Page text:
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DOP60 Simplified rules to identify bio-naïve patients with Crohn’s Disease with higher likelihood of clinical remission when initiating vedolizumab versus anti-TNFα therapies: Analysis of EVOLVE study data

Mantzaris, G.(1);Yarur, A.(2);Wang, S.(3);Adsul, S.(4);Kamble, P.(4);Luo, M.(3);Guerin, A.(5);Billmyer, E.(5);Nguyen, H.(5);Bressler, B.(6)

(1)Evangelismos Hospital, Department of Gastroenterology, Athens, Greece;(2)Medical College of Wisconsin, Department of Gastroenterology, Milwaukee, United States;(3)Takeda Pharmaceuticals, Takeda, Cambridge, United States;(4)Takeda Pharmaceuticals-, Takeda, Cambridge, United States;(5)Analysis Group, Analysis Group, Boston, United States;(6)St. Paul’s Hospital, Division of Gastroenterology- Department of Medicine, Vancouver, Canada

Background

Previously, we identified subsets of biologic-naïve patients (pts) with Crohn’s disease (CD) from the EVOLVE study who had higher rates of clinical remission (CR) [Fig 1] when initiating vedolizumab (VDZ) vs anti-TNFα treatment, using prediction models based on multiple baseline characteristics.1,2  To aid use in practice, we investigated whether these subsets could be identified using simpler rules based on fewer baseline characteristics.

Methods

Using data from EVOLVE, we used recursive partitioning and regression tree (RPART) classification to predict membership in the previously identified higher CR subsets for VDZ. The RPART algorithm repeatedly splits data, based on baseline predictors (demographics, prior treatments, clinical characteristics at treatment initiation, Charlson comorbidity index, prior extraintestinal manifestations [EIMs], and prior healthcare resource use). At each split, the predictor and its value as chosen by the algorithm to split the data were those that maximized the number of pts classified correctly. Simplified rules were developed from the resulting RPART decision trees. Analyses of the treatment effect of VDZ vs anti-TNFα were conducted in the subsets of pts identified by each rule.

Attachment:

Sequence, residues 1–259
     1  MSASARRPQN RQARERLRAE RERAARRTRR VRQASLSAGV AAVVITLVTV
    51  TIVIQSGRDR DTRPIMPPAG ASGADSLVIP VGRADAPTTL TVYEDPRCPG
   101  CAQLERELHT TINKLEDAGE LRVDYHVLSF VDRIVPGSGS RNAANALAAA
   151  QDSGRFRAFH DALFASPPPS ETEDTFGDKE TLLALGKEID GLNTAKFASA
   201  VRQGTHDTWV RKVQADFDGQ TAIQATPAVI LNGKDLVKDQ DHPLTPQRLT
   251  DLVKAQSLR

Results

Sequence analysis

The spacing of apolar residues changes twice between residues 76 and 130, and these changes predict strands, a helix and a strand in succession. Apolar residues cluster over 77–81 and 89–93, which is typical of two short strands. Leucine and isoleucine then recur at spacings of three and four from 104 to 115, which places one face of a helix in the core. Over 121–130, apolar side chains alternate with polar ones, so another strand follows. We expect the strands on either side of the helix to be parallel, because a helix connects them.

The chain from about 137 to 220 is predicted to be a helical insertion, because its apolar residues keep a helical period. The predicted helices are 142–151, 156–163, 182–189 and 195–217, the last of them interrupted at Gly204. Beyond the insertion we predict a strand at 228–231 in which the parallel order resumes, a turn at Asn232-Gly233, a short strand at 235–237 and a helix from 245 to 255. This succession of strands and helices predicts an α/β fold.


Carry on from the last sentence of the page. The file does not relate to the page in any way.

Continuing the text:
Results

Pts with data on CR and candidate predictors were included (VDZ [n=195]; anti-TNFα [n=245]). Three simplified rules (A, B, & C) were identified (Table 1). Pt characteristics included in the rules (exacerbation ongoing at treatment initiation, no emergency department/emergency room (ED/ER) visits prior to treatment initiation, no fistulae at most recent assessment prior to treatment initiation, pre-initiation disease behaviour) were among the main predictors of CR in VDZ pts identified previously. Pts identified by Rule A comprised 32% of the EVOLVE population, and were those who 1) had an exacerbation ongoing at index, 2) did not have ED/ER visits prior to initiation and 3) had pre-initiation disease behaviour classified as other than stricturing with/without perianal disease. Among these pts, median time to CR for VDZ and anti-TNFα pts were 6.7 and 18.1 months, respectively (unadjusted log-rank p<0.001), and the adjusted hazard ratio (HR) of CR for VDZ vs anti-TNFα was 2.9 (95% CI: 1.7, 5.0). Rules B & C identified larger subsets in which VDZ vs anti-TNFα treatment differences were smaller but still statistically significant.

Conclusion

Simple rules were developed to identify biologic-naïve, CD pts in whom VDZ initiation appeared to have a larger effect on CR relative to anti-TNFα initiation. Validation of these rules in other data sources is important to confirm these findings; if validated, these simplified rules can inform targeting of treatment and optimization of outcomes for pts with CD treated with VDZ.





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